Other Invasive Species Profiles:

American Bullfrog, Lithobates catesbianus – not known in CSRD


American Bullfrogs are native to eastern North America.  They were brought to BC as farm animals last century, farmed their meaty legs and some were released to form wild populations.

Bullfrogs are large, smooth skinned, typically greenish with a lighter belly (sometimes yellow).  They have a very large circular eardrum behind their eye with a skinfold following the rounded shape.  They do not have parallel ridges running the length of their back.

Bullfrogs are not known to exist within the Columbia Shuswap Region.  Please report any occurrences.  These large frogs are generalist predators and eat other frogs, reptiles, small fish, baby birds, and even small mammals. Biodiversity plummets in many waterways where bullfrogs are established.  Never release captive animals. 

Learn to identify American bullfrogs with the Frog Identification key.  Male bullfrogs have a very distinctive call during the summer breeding season, June – July.  If you hear this sound, please report.

Learn to identify American bullfrog eggs – Amphibian egg identification key

Columbia Shuswap American Bullfrog Risk Assessment


Apple Snail, Ampullariidae spp.


Several species in the Ampullariidae family are known as Apple Snails.  Apple snails have been sold in pet and aquarium stores due to their decorative shells, and ability to clean surfaces of algae buildup.
When introduced to non-native areas, they can rapidly alter the aquatic ecosystems due to their aggressive feeding style and rapid growth rate. They are voracious and opportunistic, feeding omnivorous aquatic vegetation and other snail species.  Apple snails are also amphibious and can survive seasonally in both terrestrial and aquatic environments.  Distinguishing features of apple snails are a round shell, feeding tentacles near their mouth, and a breathing tube (siphon) that they use to breath while staying submerged.  They also lay bright pink eggs.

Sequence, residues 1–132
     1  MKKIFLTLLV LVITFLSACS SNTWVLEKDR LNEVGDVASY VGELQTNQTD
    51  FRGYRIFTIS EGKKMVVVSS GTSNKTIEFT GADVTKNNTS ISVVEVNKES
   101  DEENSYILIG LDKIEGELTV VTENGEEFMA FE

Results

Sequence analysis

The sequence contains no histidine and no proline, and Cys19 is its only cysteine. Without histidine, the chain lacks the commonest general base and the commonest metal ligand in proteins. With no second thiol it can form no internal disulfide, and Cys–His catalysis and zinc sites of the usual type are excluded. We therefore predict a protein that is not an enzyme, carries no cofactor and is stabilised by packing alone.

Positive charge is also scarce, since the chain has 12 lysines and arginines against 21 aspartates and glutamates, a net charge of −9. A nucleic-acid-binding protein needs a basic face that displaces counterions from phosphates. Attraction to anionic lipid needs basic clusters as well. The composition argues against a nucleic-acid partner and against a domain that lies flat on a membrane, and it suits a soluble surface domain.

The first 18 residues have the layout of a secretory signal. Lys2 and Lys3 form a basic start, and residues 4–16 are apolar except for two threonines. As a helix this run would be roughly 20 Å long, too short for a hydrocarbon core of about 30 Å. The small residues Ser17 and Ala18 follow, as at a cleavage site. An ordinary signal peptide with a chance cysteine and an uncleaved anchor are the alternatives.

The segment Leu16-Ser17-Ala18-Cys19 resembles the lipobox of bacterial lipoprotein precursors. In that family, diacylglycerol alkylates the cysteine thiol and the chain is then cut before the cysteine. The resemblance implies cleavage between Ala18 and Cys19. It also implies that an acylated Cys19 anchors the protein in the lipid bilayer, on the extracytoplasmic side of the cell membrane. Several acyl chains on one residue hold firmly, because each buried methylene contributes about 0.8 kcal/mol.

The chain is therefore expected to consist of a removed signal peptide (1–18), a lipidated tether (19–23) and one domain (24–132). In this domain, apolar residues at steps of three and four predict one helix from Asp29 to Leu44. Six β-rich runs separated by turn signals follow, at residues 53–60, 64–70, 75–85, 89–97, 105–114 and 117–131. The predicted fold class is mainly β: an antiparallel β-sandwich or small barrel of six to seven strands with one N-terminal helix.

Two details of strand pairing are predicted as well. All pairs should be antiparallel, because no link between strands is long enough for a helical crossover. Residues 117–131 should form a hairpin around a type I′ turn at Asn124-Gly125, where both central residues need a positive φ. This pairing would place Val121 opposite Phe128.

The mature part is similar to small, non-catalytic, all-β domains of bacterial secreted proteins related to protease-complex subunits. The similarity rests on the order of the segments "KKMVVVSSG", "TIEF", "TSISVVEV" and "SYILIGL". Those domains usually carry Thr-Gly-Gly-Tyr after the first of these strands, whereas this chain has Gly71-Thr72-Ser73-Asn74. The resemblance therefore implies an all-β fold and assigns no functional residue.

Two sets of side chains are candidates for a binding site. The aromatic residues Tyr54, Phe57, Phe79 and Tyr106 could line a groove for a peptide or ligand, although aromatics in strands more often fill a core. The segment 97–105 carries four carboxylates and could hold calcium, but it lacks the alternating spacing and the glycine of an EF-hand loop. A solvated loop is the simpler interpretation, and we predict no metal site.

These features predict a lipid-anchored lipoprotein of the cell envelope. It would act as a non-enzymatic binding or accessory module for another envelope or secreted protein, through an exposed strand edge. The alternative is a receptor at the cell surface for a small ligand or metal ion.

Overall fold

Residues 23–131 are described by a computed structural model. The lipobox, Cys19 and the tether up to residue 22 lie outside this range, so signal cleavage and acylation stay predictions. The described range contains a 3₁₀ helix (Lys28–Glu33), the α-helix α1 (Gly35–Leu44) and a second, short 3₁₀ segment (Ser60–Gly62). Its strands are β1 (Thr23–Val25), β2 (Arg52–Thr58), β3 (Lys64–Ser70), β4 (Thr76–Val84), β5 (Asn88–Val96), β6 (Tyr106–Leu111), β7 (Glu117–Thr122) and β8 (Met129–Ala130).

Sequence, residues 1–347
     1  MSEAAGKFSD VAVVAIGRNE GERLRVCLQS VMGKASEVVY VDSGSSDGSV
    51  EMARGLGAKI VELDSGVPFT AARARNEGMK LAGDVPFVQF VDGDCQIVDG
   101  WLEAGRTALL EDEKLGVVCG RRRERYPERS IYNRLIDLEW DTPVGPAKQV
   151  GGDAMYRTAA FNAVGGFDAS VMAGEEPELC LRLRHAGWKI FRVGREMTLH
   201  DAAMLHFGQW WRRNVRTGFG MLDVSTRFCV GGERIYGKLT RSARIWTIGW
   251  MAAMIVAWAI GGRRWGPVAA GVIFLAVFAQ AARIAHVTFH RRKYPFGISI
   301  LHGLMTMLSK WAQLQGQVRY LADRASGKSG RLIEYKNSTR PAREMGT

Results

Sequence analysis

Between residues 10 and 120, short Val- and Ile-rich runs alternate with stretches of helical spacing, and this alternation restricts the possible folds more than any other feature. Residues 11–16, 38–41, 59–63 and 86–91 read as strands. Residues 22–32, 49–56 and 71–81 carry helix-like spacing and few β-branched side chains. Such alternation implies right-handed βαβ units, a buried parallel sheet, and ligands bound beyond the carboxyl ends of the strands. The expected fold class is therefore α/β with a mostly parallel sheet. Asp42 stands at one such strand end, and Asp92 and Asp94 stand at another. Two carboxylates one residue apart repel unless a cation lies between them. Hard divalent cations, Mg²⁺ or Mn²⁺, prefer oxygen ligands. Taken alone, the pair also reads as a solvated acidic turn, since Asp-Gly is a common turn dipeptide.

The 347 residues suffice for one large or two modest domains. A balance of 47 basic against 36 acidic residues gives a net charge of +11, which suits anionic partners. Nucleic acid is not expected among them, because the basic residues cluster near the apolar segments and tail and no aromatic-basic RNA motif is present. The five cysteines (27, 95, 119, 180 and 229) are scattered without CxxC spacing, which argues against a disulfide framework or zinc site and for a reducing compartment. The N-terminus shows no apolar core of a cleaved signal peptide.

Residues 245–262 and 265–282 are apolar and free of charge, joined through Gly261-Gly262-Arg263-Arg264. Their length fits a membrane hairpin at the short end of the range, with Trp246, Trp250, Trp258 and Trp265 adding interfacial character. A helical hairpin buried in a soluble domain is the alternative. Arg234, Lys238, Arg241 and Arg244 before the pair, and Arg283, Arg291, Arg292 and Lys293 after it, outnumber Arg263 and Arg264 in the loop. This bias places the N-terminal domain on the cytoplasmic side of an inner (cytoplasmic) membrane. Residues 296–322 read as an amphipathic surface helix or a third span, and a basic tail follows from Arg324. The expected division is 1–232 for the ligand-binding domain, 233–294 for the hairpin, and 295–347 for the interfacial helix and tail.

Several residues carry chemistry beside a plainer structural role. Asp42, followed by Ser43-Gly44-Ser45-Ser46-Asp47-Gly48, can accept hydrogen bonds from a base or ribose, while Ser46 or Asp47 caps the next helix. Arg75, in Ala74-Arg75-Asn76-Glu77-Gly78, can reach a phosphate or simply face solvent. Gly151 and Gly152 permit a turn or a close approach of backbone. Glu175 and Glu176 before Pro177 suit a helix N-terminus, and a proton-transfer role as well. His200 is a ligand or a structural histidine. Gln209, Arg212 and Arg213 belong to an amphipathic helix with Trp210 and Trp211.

Is your snail and Apple Snail? 
Prevention is key.  Do not purchase this species.  Never release aquarium animals, plants or even aquarium water into waterways.

Chinese Mystery Snail, Cipangopaludina chinensis


Chinese mystery snails have been sold in the pet and aquarium trade.  They are a large species, which is able to out-compete native species and can reproduce rapidly to very high densities.  They are able to retract into their shells, closing a shell door and thus survive out of water for up to four weeks.  They have a very large, cone-shaped shell, up to 6.5 cm tall with 6-7 whorls. Juvenile snails are light brown while adults range from olive green to ruddy brown.

Although known to infest some waterbodies on southern Vancouver Island, they are unknown from mainland BC.

Prevention is key.   Do not purchase this species.  Never release aquarium animals, plants or even aquarium water into waterways.


Banded Snail, Cepaea nemoralis

Common in many parts of the CSRD

The banded or brown-lipped snail is a terrestrial invasive snail, native to Europe.  The name comes not from the stripes around the shell, but from the brown band around the shell opening.   Snails of this species can vary significantly in colour from red, to yellow or white, with or without stripes.  Typically, these snails preferentially feed on detritus. .

Do not transport this species.  Ensure plant pots and garden furniture are free of snails before transport.

Never dump garden waste in unapproved sites.  Garden waste is accepted free of charge at CSRD landfill sites.

Where are the Aquatic Invasive Species?




All species: Early Detection & Distribution Mapping Systems
All species: U.S Geological Survey 
Invasive Mussel Monitoring: Aquatic Invasive Species Network 



Columbia Shuswap Invasive Species Society